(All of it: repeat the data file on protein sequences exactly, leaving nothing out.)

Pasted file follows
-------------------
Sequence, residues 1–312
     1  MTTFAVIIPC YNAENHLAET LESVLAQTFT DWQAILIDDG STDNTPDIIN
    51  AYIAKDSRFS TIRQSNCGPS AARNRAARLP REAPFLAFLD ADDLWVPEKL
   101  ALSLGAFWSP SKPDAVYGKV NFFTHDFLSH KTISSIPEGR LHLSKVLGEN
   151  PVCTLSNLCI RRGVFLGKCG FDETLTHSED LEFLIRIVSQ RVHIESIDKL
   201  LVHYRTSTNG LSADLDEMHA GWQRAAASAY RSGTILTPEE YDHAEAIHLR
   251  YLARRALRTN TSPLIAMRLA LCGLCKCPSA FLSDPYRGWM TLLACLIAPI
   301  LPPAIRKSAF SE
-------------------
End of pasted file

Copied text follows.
Sequence, residues 1–312
     1  MTTFAVIIPC YNAENHLAET LESVLAQTFT DWQAILIDDG STDNTPDIIN
    51  AYIAKDSRFS TIRQSNCGPS AARNRAARLP REAPFLAFLD ADDLWVPEKL
   101  ALSLGAFWSP SKPDAVYGKV NFFTHDFLSH KTISSIPEGR LHLSKVLGEN
   151  PVCTLSNLCI RRGVFLGKCG FDETLTHSED LEFLIRIVSQ RVHIESIDKL
   201  LVHYRTSTNG LSADLDEMHA GWQRAAASAY RSGTILTPEE YDHAEAIHLR
   251  YLARRALRTN TSPLIAMRLA LCGLCKCPSA FLSDPYRGWM TLLACLIAPI
   301  LPPAIRKSAF SE